Upcoming Pro Tools Training

Live Online Instructor-Led Courses
PT 101/110 Weekend: Nov 7,8,14,15,21,22

PT 101/110 Weekday: Nov 10,11,12,17,18,19
PT210P Post Production: Nov 7,8,14,15,21,22
PT201/210Music Weekday: Nov 10,11,12,17,18,19

** 4hrs per day **6-Day Course
Register: 888-277-0457

Upcoming Pro Tools Training

Live Online Instructor-Led Class
PT 101/110: Nov the 7,8,14,15,21,22

PT 101/110: Nov 10,11,12,17,18,19
PT210P Post: Nov 7,8,14,15,21,22
PT201/210M: Nov 10,11,12,17,18,19

** 4hrs per day **6-Day Course 
Register: 888-277-0457

Let’s Make A Record

Where do you start when you want to write and record a new song? Sometimes the hardest part is simply knowing where to begin. Let’s be honest, making a song from scratch can be an overwhelming task, especially since you are using creativity alongside technology, it can feel like you’re always hitting a brick wall. In this series of articles, we will be looking at various ways to approach the song making process and how Pro Tools can help you make your creativity come to life. We will be discussing the various phases of song production and the relevant technology you should be aware of.

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The best thing to do is be honest with ourselves about our own strengths, and admit that there are multiple approaches to making music. For example, you might get together with your band mates and start writing a new song while everyone in the band works on their individual parts. Another example would be a solo performer such as a singer, guitarist, keyboardist, DJ, producer, etc…, that doesn’t have a band of musicians to work with and might instead use loops and MIDI sequencing to make a song. There are so many starting points it really comes down to what you feel the most comfortable with. In order to help you make a better record, we will take a look at the challenges you will face along your creative path.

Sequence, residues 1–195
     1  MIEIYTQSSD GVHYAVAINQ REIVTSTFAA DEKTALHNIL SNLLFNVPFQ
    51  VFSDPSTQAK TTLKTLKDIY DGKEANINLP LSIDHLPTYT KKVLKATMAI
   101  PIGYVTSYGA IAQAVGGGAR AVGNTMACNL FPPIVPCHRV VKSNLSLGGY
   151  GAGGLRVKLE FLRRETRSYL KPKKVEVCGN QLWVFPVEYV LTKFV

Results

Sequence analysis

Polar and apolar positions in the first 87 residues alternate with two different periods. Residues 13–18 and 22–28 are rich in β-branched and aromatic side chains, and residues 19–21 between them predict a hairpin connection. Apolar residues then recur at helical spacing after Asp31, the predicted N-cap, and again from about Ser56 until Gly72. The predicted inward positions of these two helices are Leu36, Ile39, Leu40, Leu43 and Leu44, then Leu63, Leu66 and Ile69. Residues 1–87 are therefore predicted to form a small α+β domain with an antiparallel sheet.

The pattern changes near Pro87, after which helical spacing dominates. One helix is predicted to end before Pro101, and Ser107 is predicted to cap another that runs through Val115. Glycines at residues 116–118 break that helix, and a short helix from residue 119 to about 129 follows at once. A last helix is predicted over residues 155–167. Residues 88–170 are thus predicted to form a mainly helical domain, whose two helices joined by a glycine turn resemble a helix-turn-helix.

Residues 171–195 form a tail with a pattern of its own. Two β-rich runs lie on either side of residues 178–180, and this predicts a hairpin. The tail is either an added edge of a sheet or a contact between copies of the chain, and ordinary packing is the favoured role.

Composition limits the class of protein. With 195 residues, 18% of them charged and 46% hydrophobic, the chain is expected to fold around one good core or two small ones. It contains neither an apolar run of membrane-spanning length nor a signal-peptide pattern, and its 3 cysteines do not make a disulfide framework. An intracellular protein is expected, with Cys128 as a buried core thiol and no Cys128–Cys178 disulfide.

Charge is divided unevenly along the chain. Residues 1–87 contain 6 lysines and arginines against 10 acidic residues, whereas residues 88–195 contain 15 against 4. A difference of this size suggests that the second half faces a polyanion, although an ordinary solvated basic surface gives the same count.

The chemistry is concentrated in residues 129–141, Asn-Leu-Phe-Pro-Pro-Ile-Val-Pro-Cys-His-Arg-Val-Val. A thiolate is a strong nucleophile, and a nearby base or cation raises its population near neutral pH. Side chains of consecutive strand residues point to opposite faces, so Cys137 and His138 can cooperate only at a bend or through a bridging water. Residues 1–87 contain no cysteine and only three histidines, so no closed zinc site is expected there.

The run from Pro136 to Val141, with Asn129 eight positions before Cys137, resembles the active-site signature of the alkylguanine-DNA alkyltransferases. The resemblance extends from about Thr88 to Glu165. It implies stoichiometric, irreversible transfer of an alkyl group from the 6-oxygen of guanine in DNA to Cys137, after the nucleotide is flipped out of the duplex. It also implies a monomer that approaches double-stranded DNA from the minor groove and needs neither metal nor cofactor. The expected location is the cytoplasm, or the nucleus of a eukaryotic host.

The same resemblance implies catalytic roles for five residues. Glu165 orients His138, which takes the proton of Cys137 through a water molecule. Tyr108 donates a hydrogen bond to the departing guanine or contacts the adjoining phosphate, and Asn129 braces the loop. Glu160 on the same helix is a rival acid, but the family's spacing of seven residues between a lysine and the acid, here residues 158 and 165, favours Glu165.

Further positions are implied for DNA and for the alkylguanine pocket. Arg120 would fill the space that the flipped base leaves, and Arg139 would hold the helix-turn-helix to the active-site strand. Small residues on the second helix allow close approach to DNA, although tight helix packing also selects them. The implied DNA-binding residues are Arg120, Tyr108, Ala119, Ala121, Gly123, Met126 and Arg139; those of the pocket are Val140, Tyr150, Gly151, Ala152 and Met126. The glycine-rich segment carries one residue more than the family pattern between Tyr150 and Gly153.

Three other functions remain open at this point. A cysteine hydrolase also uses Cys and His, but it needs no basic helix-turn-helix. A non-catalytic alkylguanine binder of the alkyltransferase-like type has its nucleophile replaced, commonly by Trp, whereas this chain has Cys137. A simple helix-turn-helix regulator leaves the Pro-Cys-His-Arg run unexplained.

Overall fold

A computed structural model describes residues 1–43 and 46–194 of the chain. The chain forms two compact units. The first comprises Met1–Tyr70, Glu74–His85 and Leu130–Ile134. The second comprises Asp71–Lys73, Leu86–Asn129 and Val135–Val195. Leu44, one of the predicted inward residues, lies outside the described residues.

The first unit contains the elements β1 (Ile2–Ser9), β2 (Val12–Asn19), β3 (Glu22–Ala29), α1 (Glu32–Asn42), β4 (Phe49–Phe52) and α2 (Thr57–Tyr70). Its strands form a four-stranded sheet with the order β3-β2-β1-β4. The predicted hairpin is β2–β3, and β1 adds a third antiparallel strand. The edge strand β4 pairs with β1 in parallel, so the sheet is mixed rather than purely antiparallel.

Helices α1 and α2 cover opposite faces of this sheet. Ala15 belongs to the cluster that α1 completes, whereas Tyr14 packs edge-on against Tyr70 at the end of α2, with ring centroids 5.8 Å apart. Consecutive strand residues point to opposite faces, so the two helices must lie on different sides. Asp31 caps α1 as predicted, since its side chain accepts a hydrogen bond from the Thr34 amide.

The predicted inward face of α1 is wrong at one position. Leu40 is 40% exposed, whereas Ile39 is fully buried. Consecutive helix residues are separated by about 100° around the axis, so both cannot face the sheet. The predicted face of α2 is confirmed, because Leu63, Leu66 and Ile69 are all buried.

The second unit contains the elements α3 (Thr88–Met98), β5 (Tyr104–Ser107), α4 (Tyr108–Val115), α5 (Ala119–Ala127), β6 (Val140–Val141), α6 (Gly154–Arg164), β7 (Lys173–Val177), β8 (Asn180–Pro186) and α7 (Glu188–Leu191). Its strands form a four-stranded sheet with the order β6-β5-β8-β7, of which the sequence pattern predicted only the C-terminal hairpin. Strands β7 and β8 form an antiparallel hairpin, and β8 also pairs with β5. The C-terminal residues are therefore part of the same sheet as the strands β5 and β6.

First, let’s talk about the tried and true band methodology. For centuries, humans have played music in groups, sometimes small, sometimes enormous, but no matter how large the band, each individual plays their instrument within the ensemble, adding parts that make up the entire composition. To start recording, you’re either going to play your song all together as one live performance, or record the parts in one at a time. This would require the use of some sort of recording space or studio, multiple microphones, and engineers to help facilitate the recording process. Most everything in the recording world has been geared toward this type of record making process, but within the last 10 years we have seen a huge surge in the amount of people making music on their own without the presence of a band. Technology has gotten us to a point where one person can produce, record, and mix a record or album in their bedroom/home studio. Even an iPad is a viable music production tool! GORILLAZ put out and album this year “The Fall” that was entirely done on an iPad. Think about that for a moment, a major band on a major record label put out an album they did on their iPad. Amazing! This was not possible 20 years ago because of the huge expense at the time. One great benefit of current technology is how inexpensive it is compared to the past. This allows people like you and me to have fun and make music without having to break the bank. Another great thing about technology is that it has leveled the playing field. You can use the same plug-ins and equipment the pro’s use to make records. There are no more secrets and technology that are out of reach to us just because we don’t have a large studio full of equipment. With this series of articles, we will be primarily focusing on making music in the home environment. Many of you are musicians with great ideas, but you don’t always have a “band” to help you get those ideas across. We will be discussing different techniques that will help you make music and understand the role technology will play in helping you with your creativity.